[PATCH v1 3/3] KEYS: trusted: Introduce support for NXP CAAM-based trusted keys

Jarkko Sakkinen jarkko at kernel.org
Wed Mar 31 23:29:22 UTC 2021

On Mon, Mar 29, 2021 at 12:11:24PM +0200, Ahmad Fatoum wrote:
> Hello Jarkko,
> On 28.03.21 22:37, Jarkko Sakkinen wrote:
> > On Sat, Mar 27, 2021 at 01:41:24PM +0100, David Gstir wrote:
> >> Generally speaking, I’d say trusting the CAAM RNG and trusting in it’s
> >> other features are two separate things. However, reading through the CAAM
> >> key blob spec I’ve got here, CAAM key blob keys (the keys that secure a blob’s
> >> content) are generated using its internal RNG. So I’d save if the CAAM RNG
> >> is insecure, so are generated key blobs. Maybe somebody with more insight
> >> into the CAAM internals can verify that, but I don’t see any point in using
> >> the kernel’s RNG as long as we let CAAM generate the key blob keys for us.
> > 
> > Here's my long'ish analysis. Please read it to the end if by ever means
> > possible, and apologies, I usually try to keep usually my comms short, but
> > this requires some more meat than the usual.
> Thanks for the write-up!
> > The Bad News
> > ============
> > 
> > Now that we add multiple hardware trust sources for trusted keys, will
> > there ever be a scenario where a trusted key is originally sealed with a
> > backing hardware A, unsealed, and resealed with hardware B?
> > 
> > The hardware and vendor neutral way to generate the key material would be
> > unconditionally always just the kernel RNG.
> > 
> > CAAM is actually worse than TCG because it's not even a standards body, if
> > I got it right. Not a lot but at least a tiny fraction.
> CAAM is how NXP calls the crypto accelerator built into some of its SoCs.
> > This brings an open item in TEE patches: trusted_tee_get_random() is an
> > issue in generating kernel material. I would rather replace that with
> > kernel RNG *for now*, because the same open question applies also to ARM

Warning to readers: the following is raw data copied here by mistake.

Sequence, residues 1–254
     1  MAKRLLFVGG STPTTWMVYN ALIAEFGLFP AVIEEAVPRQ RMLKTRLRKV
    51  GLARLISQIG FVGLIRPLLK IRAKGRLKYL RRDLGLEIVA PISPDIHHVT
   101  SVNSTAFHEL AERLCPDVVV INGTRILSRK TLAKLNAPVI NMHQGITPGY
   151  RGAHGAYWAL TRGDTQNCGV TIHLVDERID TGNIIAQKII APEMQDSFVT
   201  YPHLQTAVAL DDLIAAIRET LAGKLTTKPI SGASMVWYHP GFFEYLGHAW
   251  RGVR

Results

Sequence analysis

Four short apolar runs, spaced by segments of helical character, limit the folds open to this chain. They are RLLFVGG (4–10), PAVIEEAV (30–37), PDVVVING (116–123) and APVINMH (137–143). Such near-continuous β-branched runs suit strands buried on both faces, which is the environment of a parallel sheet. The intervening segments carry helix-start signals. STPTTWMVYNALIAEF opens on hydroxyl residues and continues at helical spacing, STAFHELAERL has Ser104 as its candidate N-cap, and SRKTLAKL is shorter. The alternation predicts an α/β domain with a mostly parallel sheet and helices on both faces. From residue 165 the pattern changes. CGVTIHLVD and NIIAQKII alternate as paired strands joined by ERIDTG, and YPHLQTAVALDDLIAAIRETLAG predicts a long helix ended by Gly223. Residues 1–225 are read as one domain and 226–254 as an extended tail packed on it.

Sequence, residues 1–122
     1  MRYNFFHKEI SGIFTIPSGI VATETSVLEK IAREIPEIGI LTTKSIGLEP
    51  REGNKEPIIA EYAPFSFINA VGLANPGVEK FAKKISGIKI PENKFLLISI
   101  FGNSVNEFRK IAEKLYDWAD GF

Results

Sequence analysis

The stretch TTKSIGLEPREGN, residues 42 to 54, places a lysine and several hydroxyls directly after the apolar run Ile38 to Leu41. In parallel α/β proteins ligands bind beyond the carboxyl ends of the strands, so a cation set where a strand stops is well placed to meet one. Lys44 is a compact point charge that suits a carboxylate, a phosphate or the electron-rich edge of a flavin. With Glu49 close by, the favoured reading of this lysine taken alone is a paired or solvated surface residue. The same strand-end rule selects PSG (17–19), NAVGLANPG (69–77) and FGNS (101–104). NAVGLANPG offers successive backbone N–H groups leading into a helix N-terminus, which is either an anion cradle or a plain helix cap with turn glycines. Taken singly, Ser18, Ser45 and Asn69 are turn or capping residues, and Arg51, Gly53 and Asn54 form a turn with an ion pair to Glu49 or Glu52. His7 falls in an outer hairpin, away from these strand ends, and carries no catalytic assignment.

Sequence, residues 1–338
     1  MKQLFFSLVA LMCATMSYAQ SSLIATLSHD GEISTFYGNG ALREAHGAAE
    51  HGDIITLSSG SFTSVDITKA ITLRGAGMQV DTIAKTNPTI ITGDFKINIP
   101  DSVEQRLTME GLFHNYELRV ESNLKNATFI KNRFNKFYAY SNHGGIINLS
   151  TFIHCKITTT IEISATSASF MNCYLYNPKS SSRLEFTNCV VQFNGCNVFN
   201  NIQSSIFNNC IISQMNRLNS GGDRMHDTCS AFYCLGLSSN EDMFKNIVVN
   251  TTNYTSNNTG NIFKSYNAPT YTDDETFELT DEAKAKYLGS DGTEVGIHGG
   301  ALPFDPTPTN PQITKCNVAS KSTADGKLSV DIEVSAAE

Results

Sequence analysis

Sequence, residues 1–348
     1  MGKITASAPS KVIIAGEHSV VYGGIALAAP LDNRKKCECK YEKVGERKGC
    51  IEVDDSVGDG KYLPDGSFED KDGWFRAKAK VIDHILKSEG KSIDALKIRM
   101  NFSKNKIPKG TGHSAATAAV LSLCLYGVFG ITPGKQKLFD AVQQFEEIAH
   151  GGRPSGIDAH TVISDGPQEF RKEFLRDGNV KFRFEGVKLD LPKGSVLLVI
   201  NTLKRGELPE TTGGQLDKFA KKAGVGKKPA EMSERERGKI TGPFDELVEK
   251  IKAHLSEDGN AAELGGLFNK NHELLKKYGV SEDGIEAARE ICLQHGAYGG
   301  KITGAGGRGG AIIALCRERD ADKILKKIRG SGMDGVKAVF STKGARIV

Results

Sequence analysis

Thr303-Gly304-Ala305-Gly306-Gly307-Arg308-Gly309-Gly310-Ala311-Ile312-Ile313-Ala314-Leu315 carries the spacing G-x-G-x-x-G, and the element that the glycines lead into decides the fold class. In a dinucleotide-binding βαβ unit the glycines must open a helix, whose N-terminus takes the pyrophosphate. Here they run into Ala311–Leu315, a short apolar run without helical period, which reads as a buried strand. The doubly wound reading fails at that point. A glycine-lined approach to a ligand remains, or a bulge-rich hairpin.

> > TEE. It's also a single company controlled backing technology.
> > 
> > By all practical means, I do trust ARM TEE in my personal life but this is
> > not important.
> > 
> > CAAM *and* TEE backends break the golden rule of putting as little trust as
> > possible to anything, even not anything weird is clear at sight, as
> > security is essentially a game of known unknowns and unknown unknowns.
> Agreed.
> > The GOOD News
> > =============
> > 
> > So there's actually option (C) that also fixes the TPM trustd keys issue:
> > 
> > Add a new kernel patch, which:
> > 
> > 1. Adds the use of kernel RNG as a boot option.
> > 2. If this boot option is not active, the subsystem will print a warning
> >    to klog denoting this.
> > 3. Default is of course vendor RNG given the bad design issue in the TPM
> >    trusted keys, but the warning in klog will help to address it at least
> >    a bit.
> Why should the TPM backend's choice influence later backends? We could add
> a new option for key creation time, e.g.:
>    keyctl add trusted kmk "new keylen rng=kernel" @s
> The default would be rng=vendor if available with a fallback to rng=kernel,
> which should always be available.

It matters a lot because it is existing ABI - for better or worse.

I think a new option is a bad idea, because it cannot easily enforced.
Kernel command-line on the other hand can be even signed.


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